The private Museum of Russian Impressionism was founded less than five years ago, but it has already become an important part of the Moscow art and museum scene. Its significance is not only thanks to its architecturally stunning venue — a reconstructed sugar silo at what was once a confectionary factory — and its central contention — still challenged in some quarters — that Russian impressionism exists as a wholly distinct movement in art; and its innovative exhibition designs — uniquely constructed for each show; but also thanks to its superb research and curatorial work. Each exhibition is a voyage of discovery. The last show introduced the artist David Burliuk to the public, revolutionizing perceptions of the “father of futurism.” The show before that exhibited impressionistic works by painters who went on to become the avant-garde, with each painting a surprise that cast the artist’s development in a new light.
The current show is no exception. “Nikolai Meshcherin: Away From Vanity” introduces a major artist who was virtually unknown for the past century. The more than 100 works on display, gathered from 17 public and private museums and five private collections, present Meshcherin as a painter, photographer, and generous host whose estate, Dugino, welcomed some of the finest Russian painters of the late 19th and early 20th centuries. Paintings by Meshcherin from every period of his life are exhibited along with works painted at Dugino by such artists as Igor Grabar, Isaak Levitan, Vasily Pereplyotchikov, Apollonary Vasnetsov, Alexei Korin, and Alexei Stepanov.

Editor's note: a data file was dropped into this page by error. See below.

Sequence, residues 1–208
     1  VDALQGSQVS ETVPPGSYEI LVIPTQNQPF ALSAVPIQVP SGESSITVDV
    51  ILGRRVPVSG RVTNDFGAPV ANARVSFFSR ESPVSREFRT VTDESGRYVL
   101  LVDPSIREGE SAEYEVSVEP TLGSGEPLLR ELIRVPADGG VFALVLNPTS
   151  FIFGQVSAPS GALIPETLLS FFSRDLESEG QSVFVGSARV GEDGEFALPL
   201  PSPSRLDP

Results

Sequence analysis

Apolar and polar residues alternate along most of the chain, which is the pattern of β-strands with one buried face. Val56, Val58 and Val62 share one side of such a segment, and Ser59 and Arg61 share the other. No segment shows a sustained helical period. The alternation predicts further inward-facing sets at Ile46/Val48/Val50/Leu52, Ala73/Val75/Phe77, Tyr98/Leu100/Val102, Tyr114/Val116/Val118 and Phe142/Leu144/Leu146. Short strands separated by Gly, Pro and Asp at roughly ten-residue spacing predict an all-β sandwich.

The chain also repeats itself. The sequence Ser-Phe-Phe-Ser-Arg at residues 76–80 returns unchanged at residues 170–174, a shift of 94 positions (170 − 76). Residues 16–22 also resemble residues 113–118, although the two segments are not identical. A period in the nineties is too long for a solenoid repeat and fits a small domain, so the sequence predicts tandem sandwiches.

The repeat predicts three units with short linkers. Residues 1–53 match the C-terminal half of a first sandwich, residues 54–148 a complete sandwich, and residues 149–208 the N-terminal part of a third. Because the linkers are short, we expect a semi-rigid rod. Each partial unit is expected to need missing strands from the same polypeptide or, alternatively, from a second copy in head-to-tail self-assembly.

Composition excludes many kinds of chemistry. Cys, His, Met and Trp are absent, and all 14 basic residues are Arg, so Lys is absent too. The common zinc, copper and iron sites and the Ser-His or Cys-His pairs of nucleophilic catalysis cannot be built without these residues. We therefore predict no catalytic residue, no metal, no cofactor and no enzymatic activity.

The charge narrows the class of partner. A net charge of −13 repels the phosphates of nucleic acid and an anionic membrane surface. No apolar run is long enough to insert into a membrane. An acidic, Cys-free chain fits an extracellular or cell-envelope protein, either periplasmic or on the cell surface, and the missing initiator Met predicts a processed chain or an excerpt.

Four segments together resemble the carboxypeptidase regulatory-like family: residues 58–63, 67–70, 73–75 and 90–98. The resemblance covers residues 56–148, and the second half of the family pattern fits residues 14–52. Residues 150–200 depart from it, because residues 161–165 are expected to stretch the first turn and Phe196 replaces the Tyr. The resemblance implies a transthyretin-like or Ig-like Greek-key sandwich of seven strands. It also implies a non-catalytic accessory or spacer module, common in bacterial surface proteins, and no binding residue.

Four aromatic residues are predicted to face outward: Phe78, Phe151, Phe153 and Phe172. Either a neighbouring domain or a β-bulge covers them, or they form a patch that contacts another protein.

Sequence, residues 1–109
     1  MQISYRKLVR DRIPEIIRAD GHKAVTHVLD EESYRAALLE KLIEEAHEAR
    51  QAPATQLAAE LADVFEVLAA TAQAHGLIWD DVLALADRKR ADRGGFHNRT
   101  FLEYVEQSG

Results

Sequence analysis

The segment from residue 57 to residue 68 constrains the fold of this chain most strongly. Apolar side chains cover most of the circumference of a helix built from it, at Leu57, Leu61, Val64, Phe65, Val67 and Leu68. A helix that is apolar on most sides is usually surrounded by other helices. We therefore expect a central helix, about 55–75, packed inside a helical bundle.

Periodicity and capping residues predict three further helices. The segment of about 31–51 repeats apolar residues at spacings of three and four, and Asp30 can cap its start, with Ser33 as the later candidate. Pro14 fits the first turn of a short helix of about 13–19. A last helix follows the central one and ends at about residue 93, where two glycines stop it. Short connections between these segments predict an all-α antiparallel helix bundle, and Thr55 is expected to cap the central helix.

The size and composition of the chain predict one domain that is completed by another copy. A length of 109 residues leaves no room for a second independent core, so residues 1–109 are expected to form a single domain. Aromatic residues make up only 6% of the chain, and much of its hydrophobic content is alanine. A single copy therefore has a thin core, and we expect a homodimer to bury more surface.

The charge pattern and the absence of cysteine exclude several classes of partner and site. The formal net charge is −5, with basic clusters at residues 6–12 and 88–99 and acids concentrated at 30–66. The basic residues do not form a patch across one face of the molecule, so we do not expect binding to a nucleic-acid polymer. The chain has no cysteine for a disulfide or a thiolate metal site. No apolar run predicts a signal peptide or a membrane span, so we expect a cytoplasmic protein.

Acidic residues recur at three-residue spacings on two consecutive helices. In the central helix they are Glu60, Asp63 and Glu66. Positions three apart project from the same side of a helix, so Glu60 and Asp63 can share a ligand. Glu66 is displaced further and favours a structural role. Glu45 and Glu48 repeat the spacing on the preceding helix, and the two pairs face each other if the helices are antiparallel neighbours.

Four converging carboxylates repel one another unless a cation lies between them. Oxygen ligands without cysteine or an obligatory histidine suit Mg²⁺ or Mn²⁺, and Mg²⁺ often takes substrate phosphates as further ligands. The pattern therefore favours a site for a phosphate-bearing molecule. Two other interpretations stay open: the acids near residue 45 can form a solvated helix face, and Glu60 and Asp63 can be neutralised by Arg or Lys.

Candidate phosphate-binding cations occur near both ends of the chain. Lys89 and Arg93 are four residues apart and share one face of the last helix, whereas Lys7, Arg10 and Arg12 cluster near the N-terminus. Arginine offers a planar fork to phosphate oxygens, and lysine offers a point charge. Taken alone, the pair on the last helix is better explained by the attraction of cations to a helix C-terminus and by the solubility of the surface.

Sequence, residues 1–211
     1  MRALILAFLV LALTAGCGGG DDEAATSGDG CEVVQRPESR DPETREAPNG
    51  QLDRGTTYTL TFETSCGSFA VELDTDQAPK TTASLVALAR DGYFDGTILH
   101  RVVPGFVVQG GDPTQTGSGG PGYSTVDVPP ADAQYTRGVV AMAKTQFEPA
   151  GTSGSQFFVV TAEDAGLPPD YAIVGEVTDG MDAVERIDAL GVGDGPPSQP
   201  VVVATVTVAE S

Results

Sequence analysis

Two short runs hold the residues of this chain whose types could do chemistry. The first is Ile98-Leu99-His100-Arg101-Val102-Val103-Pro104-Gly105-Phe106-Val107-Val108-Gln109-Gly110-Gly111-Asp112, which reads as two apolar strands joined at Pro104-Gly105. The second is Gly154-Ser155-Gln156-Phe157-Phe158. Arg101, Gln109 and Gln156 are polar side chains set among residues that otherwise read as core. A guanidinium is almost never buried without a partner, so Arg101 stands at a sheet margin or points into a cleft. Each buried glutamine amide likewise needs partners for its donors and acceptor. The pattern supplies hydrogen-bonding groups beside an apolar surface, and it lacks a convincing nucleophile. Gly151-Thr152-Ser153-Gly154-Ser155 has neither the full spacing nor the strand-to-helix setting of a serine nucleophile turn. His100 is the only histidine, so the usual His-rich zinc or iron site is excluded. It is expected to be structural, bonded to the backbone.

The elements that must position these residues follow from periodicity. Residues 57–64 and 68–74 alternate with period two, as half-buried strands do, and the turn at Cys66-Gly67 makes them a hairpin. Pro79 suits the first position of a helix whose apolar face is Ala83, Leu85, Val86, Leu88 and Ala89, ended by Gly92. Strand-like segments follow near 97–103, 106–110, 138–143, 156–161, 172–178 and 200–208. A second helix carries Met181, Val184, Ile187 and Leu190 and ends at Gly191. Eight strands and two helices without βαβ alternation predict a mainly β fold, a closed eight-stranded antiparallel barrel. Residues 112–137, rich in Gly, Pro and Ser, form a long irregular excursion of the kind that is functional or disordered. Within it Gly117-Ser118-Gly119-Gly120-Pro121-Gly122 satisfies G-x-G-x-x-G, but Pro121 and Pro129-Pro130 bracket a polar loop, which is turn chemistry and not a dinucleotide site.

Meshcherin was born in 1864 into a large merchant family. His father founded the Danilovsky textile factory and co-owned it with the illustrious art collector Sergei Shchukin. Although Nikolai studied at the Moscow Practical Academy of Commerce and was being groomed to take over the family business, he quickly realized that he had no interest or aptitude for business. He wanted to paint.
In 1872, the family purchased an estate called Dugino to the southeast of Moscow, and Nikolai began spending much of his time there. On this beautiful spot above the Pakhra River, the extended family and friends would gather to indulge in the Meshcherin “cult of hunting” and later in what would become the family “cult of painting.” Artists and friends came and stayed for months. In the mornings, everyone took part in the ritual of morning tea set in the garden under young linden trees. There were festivities, hunts, singing and long hours at easels.
Meshcherin painted in every season of the year, at every hour of the day and night. When it was too dark, rainy, or cold to paint, he took elaborate notes on the changing colors of the sky, the ebbing light, shadows, and reflections. He wrote, for example, on Oct. 4, 1905, “The moon - a dark blue color, the stars a lighter blue, and dim (at times the moon cannot be seen). A bluish pearly radiance emanates from the moon, a bright halo. The moon's tones are irregular...” He also took photographs — not just portraits and scenes around the estate, but what might be called “art photography” in the woods and meadows on and around the estate.